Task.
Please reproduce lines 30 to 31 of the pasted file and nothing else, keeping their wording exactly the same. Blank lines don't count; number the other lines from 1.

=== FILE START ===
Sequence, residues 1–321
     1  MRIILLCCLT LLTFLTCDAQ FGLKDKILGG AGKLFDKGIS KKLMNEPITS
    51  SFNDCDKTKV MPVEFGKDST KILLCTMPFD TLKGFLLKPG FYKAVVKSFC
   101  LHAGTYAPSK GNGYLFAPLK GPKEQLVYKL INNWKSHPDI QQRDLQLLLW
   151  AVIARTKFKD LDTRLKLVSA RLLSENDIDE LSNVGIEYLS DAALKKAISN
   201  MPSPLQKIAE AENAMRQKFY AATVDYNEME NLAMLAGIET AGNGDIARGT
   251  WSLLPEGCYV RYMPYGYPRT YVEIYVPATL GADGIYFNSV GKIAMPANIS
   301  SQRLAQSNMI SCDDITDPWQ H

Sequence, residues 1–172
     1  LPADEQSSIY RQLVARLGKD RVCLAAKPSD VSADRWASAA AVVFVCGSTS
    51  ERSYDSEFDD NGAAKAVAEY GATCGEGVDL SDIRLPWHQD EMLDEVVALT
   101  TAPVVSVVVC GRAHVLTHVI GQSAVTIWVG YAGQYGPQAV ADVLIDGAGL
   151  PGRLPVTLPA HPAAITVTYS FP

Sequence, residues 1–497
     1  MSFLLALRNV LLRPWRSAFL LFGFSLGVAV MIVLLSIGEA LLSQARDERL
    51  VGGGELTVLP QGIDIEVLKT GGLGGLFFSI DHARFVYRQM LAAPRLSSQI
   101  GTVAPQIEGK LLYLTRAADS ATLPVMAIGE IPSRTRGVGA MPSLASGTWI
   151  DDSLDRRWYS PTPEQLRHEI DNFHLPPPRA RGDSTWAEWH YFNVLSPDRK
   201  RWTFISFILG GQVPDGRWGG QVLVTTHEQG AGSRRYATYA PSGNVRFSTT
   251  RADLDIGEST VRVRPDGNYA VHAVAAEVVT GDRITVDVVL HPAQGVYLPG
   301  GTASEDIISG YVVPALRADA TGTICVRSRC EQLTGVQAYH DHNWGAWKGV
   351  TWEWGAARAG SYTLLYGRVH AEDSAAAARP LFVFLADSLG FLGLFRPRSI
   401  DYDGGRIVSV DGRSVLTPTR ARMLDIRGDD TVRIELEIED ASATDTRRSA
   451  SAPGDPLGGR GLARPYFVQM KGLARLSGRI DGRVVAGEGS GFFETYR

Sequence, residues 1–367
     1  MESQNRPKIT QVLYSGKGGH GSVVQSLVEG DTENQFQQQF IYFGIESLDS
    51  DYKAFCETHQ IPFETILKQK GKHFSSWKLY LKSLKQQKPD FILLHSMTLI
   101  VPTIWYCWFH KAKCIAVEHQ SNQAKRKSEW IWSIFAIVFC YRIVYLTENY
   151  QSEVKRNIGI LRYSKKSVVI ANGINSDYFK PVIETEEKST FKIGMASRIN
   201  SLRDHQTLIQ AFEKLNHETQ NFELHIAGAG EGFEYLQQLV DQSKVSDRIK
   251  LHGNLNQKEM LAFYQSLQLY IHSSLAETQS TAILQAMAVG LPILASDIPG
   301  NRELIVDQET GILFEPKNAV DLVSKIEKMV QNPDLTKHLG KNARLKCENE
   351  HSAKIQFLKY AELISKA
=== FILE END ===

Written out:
   201  SLRDHQTLIQ AFEKLNHETQ NFELHIAGAG EGFEYLQQLV DQSKVSDRIK
   251  LHGNLNQKEM LAFYQSLQLY IHSSLAETQS TAILQAMAVG LPILASDIPG